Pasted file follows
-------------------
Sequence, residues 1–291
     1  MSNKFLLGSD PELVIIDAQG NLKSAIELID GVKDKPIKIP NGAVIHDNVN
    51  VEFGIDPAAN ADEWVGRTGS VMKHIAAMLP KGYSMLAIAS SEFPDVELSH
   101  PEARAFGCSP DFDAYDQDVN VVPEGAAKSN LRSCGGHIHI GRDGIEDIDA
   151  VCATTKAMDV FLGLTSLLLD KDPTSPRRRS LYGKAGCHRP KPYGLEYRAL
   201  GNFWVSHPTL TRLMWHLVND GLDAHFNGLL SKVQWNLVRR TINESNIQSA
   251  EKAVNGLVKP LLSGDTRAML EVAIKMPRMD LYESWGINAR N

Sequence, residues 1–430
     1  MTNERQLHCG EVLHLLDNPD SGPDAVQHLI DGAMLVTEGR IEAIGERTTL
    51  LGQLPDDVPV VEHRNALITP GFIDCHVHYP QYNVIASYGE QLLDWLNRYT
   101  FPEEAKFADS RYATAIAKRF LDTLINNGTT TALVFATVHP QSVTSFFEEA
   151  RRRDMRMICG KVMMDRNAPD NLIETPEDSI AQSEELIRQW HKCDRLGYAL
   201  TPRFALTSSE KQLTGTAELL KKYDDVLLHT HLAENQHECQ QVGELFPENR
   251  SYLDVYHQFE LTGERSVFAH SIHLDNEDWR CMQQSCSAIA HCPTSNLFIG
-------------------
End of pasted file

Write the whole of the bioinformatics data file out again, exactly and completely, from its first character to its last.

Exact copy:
Sequence, residues 1–291
     1  MSNKFLLGSD PELVIIDAQG NLKSAIELID GVKDKPIKIP NGAVIHDNVN
    51  VEFGIDPAAN ADEWVGRTGS VMKHIAAMLP KGYSMLAIAS SEFPDVELSH
   101  PEARAFGCSP DFDAYDQDVN VVPEGAAKSN LRSCGGHIHI GRDGIEDIDA
   151  VCATTKAMDV FLGLTSLLLD KDPTSPRRRS LYGKAGCHRP KPYGLEYRAL
   201  GNFWVSHPTL TRLMWHLVND GLDAHFNGLL SKVQWNLVRR TINESNIQSA
   251  EKAVNGLVKP LLSGDTRAML EVAIKMPRMD LYESWGINAR N

Sequence, residues 1–430
     1  MTNERQLHCG EVLHLLDNPD SGPDAVQHLI DGAMLVTEGR IEAIGERTTL
    51  LGQLPDDVPV VEHRNALITP GFIDCHVHYP QYNVIASYGE QLLDWLNRYT
   101  FPEEAKFADS RYATAIAKRF LDTLINNGTT TALVFATVHP QSVTSFFEEA
   151  RRRDMRMICG KVMMDRNAPD NLIETPEDSI AQSEELIRQW HKCDRLGYAL
   201  TPRFALTSSE KQLTGTAELL KKYDDVLLHT HLAENQHECQ QVGELFPENR
   251  SYLDVYHQFE LTGERSVFAH SIHLDNEDWR CMQQSCSAIA HCPTSNLFIG